June 24, 2007  
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Featured Issue: Prevent Scalding

Scalding is one of the most common, and potentially serious, injuries to occur in the home. One in every 200 children is likely to have been scalded severely enough to require hospital admission by their fifth birthday. Scalding risks are especially high for children and seniors. Find out how you can help protect your family against a painful and possibly disfiguring burn.

Scalding Hazards are Ever Present at Home

If you've ever been scalded - even slightly - by steam escaping from a tea kettle or vegetable steamer you know how startlingly painful and slow-to-heal a hot water burn can be. What you may not know is that a full 20 percent of all burns are from scalds. Thousands of children are hospitalized each year for scald burns, which are among the most painful, disfiguring and costly injuries. Severe scalds can require skin grafts and may leave scars that will follow the victim for their entire life. More . . .

Scald Prevention Tips & Resources

Make Bath Safety Fun
Teach your children - from their earliest years - to be safety conscious. An ingenious little bathtub 'toy' from the non-profit No Burns! Project looks like a regular rubber ducky, but in fact is a heat-sending device that tells you or your child when the water is too HOT to get into. More . . .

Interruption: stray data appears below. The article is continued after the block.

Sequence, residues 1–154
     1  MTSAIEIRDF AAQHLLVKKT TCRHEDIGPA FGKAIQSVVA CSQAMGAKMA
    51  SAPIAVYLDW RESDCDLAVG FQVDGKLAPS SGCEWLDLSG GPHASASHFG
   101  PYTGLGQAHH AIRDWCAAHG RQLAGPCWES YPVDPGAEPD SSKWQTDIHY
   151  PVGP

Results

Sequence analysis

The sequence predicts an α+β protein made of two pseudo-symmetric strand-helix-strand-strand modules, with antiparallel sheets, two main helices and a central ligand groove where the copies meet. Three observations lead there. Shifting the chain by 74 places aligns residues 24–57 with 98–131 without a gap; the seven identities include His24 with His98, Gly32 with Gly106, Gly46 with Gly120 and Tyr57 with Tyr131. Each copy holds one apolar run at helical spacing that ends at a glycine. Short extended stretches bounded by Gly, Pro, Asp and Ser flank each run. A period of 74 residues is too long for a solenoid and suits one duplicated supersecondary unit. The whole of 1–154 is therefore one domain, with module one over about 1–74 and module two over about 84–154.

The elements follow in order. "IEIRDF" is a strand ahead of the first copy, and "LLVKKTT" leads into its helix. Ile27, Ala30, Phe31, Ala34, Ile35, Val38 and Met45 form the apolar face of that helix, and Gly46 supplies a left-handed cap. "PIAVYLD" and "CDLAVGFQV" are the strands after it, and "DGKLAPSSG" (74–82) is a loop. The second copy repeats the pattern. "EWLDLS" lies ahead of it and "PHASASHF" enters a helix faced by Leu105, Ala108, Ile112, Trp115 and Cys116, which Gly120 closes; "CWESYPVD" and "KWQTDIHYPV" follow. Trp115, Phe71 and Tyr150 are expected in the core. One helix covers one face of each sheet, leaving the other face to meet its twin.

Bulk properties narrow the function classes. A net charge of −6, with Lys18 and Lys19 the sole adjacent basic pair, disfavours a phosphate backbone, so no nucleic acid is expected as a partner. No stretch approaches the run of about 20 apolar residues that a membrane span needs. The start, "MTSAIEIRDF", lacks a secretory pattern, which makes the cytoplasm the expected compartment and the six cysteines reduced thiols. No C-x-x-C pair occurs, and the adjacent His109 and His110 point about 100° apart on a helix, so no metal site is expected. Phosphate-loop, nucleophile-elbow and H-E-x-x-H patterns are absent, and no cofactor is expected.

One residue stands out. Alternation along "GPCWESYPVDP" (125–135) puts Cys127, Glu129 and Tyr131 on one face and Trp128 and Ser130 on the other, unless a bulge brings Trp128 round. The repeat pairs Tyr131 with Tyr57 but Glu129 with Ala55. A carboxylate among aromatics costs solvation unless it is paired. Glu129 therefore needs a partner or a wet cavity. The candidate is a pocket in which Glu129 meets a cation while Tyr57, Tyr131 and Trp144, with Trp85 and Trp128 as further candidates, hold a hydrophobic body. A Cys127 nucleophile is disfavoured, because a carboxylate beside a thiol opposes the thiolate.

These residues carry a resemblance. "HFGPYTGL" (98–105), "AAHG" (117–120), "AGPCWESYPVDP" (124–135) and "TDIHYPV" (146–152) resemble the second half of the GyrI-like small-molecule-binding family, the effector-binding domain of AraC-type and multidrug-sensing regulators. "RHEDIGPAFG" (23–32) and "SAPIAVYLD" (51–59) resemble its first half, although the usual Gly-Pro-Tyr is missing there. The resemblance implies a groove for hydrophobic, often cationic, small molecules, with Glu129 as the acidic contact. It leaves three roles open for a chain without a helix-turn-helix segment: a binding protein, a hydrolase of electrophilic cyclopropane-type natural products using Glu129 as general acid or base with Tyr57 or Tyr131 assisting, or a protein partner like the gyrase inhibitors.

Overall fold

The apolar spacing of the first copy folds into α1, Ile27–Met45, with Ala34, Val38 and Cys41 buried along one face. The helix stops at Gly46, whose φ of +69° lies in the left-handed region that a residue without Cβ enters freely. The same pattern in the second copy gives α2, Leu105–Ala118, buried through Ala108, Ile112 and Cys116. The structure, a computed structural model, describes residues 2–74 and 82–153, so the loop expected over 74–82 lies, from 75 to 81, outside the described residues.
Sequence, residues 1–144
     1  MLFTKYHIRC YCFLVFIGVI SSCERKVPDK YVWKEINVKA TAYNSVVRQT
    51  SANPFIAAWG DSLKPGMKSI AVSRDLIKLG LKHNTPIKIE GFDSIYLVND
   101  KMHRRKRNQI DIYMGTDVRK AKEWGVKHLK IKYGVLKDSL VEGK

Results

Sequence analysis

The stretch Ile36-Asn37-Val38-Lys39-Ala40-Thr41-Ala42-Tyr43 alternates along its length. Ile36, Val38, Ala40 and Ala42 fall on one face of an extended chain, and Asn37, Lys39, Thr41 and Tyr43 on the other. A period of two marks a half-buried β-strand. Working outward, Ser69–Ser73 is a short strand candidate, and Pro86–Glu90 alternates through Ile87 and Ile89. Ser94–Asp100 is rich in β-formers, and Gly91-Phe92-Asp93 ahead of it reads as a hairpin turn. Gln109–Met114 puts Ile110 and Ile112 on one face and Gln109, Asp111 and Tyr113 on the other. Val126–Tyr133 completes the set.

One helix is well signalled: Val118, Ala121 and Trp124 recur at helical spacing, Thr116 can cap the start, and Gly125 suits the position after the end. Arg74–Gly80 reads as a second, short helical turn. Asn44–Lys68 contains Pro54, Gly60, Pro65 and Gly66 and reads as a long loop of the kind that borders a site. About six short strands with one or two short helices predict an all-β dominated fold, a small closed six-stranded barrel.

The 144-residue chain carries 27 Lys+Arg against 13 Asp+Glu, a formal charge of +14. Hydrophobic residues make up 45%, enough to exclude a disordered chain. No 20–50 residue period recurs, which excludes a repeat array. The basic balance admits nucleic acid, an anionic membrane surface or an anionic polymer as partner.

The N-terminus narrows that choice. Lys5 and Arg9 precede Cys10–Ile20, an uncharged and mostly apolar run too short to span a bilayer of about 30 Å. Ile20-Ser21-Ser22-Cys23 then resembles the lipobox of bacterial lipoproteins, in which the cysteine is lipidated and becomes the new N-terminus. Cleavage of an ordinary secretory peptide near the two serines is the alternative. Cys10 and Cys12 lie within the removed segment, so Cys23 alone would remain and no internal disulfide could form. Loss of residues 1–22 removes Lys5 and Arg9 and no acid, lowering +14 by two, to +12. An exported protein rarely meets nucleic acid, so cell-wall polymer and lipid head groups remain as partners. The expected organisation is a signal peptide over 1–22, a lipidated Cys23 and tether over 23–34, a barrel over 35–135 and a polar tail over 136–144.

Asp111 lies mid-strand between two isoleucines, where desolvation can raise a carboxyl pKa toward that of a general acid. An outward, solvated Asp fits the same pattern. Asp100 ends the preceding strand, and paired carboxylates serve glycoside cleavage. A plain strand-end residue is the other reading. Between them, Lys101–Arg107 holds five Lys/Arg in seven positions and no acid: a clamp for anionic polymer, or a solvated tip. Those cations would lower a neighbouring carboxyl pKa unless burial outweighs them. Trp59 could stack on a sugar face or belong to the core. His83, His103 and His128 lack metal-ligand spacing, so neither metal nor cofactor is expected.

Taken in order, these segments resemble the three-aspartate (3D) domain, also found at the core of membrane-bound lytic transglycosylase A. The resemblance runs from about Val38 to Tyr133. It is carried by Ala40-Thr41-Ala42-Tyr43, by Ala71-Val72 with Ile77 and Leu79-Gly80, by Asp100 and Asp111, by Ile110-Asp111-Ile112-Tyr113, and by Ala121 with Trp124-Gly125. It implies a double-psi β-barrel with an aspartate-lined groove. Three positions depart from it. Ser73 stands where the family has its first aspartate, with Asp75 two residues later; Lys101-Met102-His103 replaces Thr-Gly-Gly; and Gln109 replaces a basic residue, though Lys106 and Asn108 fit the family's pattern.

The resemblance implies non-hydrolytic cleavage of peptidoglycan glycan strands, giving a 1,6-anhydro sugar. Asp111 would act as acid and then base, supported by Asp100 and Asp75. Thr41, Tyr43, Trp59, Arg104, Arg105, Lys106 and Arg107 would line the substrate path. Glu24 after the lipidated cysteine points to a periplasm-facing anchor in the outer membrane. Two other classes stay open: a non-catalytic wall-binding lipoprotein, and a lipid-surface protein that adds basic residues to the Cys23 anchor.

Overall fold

Babysitters Burn Safety Checklist

Babysitting is an important job, and one that shouldn't be taken lightly. Please read the following tips so you'll know how to keep everyone safe from burns when you're babysitting. More . . .

Microwave Safety

Microwave ovens are usually perceived by many families as "safer" than conventional ovens and stoves. In many families, children are permitted to use the microwave but not other heating appliances. However, microwave ovens heat foods and liquids to very high temperatures that can lead to burns from spills, splashes and release of steam.
Microwaved foods and liquids can reach temperatures greater than boiling without the appearance of bubbling. Stir and test food thoroughly before serving or eating.
The face and upper body are the most common areas burned on children. Hands, arms, abdomens and legs are more frequently injured with adults. More . . .

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